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During a 34-day expedition to a little explored area of the Pacific, an international team of scientists identified a number of new species living on the seafloor of newly-designated conservation zones.
The deep-sea covers around 65% of Earth's surface and houses one of the planet's largest ecosystems. But it is also one of the least-studied environments.
Scientists recently carried out a survey of life on the seafloor of the western Clarion-Clipperton Zone in the Pacific Ocean, a mineral-rich area that has attracted the interest of deep-sea miners.
The seafaring researchers identified an astonishing biodiversity, including a number of species new to science.
Museum scientists were part of an international group of researchers involved in the DeepCCZ mission to survey seafloor conservation areas of the Clarion-Clipperton Zone (CCZ). Over 100 species of large animals were filmed and collected from Areas of Particular Environmental Importance (APEIs).
Dr Helena Wiklund, lead scientist at sea and Museum scientific associate, said, 'I was amazed to see the diversity of animals down there, lots of beautiful and strange organisms and so many different species.'
Helena identified two new species during the expedition and believes that there will be more once all of the specimens collected have been studied. The two identified will now be analysed, described and given names.
Craig Smith, Professor of Oceanography at the University of Hawai'i and Lead Investigator of the DeepCCZ project, said, 'The diversity of life in these seafloor areas is really amazing.
'We found at least ten species of giant sea cucumbers, a huge squid worm never seen before in the Pacific Ocean, and all kinds of sponges. We also found other animals with really neat adaptations, such as sea cucumbers with long tails that allow them to sail along the seafloor.'
Dives to the seafloor were conducted using a new Remotely Operated Vehicle (ROV) called Lu'ukai (meaning 'sea diver'), reaching depths in excess of 5,200 metres. The vehicle was equipped to film and collect deep-sea animals, sediments and polymetallic nodules – potato-sized accretions of metal-rich minerals found on the seafloor.
Investigators from the Museum gathered information on the invertebrates found in the CCZ.
Dr Adrian Glover, DeepCCZ Principal Investigator at the Museum, said, 'There has been one big expedition and now we've got a couple of years to work on the samples. We're aiming to answer three questions - what's there, how widespread these animals are and how connected their populations are genetically.
'We'll do genetic sequencing of the animals and create a phylogenetic tree [to understand how they are related to each other], and also identify them using morphology.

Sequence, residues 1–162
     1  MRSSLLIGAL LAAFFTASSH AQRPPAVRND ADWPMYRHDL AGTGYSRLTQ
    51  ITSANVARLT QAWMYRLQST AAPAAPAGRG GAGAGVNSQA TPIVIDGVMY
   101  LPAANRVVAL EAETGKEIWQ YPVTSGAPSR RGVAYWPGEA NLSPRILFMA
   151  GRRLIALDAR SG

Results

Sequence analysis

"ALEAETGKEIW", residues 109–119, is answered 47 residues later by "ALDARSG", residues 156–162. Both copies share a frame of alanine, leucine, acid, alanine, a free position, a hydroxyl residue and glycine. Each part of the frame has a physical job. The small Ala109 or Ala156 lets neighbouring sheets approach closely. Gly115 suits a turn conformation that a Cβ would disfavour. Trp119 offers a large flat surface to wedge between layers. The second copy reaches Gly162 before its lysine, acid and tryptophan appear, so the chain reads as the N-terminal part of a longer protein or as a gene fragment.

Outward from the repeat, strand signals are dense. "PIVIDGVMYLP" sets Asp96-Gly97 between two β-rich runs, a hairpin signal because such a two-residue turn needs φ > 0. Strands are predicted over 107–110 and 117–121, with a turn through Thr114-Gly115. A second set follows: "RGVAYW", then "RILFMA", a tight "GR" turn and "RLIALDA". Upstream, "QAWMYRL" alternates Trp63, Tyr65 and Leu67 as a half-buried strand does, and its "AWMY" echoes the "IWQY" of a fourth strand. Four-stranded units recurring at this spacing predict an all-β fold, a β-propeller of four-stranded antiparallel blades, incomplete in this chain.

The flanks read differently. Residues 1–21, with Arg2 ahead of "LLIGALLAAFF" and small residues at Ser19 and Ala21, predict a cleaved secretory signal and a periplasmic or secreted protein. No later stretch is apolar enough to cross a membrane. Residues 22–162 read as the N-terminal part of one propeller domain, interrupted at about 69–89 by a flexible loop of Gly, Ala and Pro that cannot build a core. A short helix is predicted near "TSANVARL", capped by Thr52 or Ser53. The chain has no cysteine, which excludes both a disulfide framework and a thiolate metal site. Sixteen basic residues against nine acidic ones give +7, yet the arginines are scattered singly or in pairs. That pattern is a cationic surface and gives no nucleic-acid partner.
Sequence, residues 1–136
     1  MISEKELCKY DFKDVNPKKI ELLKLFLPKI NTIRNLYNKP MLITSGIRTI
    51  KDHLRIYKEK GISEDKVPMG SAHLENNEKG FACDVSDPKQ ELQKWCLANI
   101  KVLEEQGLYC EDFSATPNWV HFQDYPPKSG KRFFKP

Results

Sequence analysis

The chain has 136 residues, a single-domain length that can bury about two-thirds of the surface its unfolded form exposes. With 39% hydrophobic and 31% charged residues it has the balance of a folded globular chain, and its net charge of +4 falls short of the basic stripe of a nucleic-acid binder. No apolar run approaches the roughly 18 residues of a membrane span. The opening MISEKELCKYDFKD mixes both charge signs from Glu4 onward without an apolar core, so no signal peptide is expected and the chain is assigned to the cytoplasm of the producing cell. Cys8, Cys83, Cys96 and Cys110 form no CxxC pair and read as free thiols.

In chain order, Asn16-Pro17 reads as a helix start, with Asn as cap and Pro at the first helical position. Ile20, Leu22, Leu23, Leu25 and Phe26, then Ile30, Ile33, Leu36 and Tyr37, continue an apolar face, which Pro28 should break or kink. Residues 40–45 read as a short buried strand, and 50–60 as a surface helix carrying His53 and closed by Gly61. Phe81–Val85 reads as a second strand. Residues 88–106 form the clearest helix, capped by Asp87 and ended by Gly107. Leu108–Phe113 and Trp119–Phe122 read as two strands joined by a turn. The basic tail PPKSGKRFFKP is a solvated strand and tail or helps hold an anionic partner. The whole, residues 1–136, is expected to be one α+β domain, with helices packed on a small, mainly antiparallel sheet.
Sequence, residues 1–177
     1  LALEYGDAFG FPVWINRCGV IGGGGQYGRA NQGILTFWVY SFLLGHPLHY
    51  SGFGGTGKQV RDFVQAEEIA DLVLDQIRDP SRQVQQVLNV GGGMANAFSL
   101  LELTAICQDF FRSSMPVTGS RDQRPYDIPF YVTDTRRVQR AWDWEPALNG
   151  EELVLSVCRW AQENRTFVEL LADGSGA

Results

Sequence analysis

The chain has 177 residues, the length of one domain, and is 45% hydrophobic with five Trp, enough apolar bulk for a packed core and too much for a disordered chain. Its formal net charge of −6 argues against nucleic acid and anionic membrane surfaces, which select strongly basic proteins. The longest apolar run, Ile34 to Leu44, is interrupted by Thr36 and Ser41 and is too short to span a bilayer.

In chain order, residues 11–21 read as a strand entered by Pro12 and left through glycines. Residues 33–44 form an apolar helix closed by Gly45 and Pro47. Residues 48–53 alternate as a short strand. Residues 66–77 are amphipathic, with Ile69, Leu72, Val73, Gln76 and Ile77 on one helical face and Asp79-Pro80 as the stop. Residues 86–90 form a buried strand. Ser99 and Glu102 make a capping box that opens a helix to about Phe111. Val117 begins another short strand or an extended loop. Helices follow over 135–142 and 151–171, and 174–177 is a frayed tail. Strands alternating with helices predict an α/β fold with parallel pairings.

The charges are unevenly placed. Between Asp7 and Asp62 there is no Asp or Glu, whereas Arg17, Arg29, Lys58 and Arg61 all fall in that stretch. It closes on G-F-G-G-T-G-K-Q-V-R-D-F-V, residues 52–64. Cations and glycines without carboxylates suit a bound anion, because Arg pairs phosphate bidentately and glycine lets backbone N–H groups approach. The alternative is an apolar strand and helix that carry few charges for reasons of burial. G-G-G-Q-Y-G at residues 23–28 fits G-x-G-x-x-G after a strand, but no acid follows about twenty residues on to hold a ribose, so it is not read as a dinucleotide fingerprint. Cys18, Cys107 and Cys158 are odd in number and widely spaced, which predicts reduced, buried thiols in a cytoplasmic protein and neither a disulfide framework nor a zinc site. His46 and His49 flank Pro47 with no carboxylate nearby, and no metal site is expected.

Using the genetic data, scientists are able to look at biogeographic ranges of the animals. Adrian explains, 'We'll collect data from 20 or 30 individuals of selected abundant taxa from two or three sites and look at them in more detail to see how connected the populations are.'
Dr Thomas Dahlgren, a researcher at the University of Gothenburg, is leading this genetic connectivity study. He is working closely with the Natural History Museum, where all of the genetic sequencing work is being carried out.
This area of the Pacific is the richest polymetallic mineral deposit in the world and there are numerous mining exploration claims associated with it. One key aim of the DeepCCZ project is to determine whether the newly-designated conservation zones are able to safeguard the region's deep-sea biodiversity from the destructive effects of mining.
The presence of larvae may be a positive indicator that mined areas could be conserved. Adrian says, 'Many marine invertebrates release larvae - so if these are moving around the seafloor, the mined areas could potentially be recolonised by larvae from the reserve areas.'
The data collected from this project are key for the International Seabed Authority when it comes to them assessing how effective the Pacific's APEIs are.
The CCZ is one of the least studied areas of the planet. Adrian explains, 'These are completely unexplored areas of the ocean floor. It's a long way south of Hawaii, which is already very isolated. Effectively we know how deep it is and that's about it.'
Helena spent 34-days at sea and was joined by two post-graduate students - Museum and University of Plymouth PhD student Kirsty McQuaid, and Regan Drennan, a student on the Museum-Imperial masters course in Biodiversity.
Of her time aboard the Kilo Moana research vessel, Regan says, 'The cruise was a fantastic and unique experience, and it made me truly appreciate the scale of these ecosystems and how much there is yet to discover.
'It was also great to be part of such a big team, with people from all different backgrounds and expertise working towards the same goal.'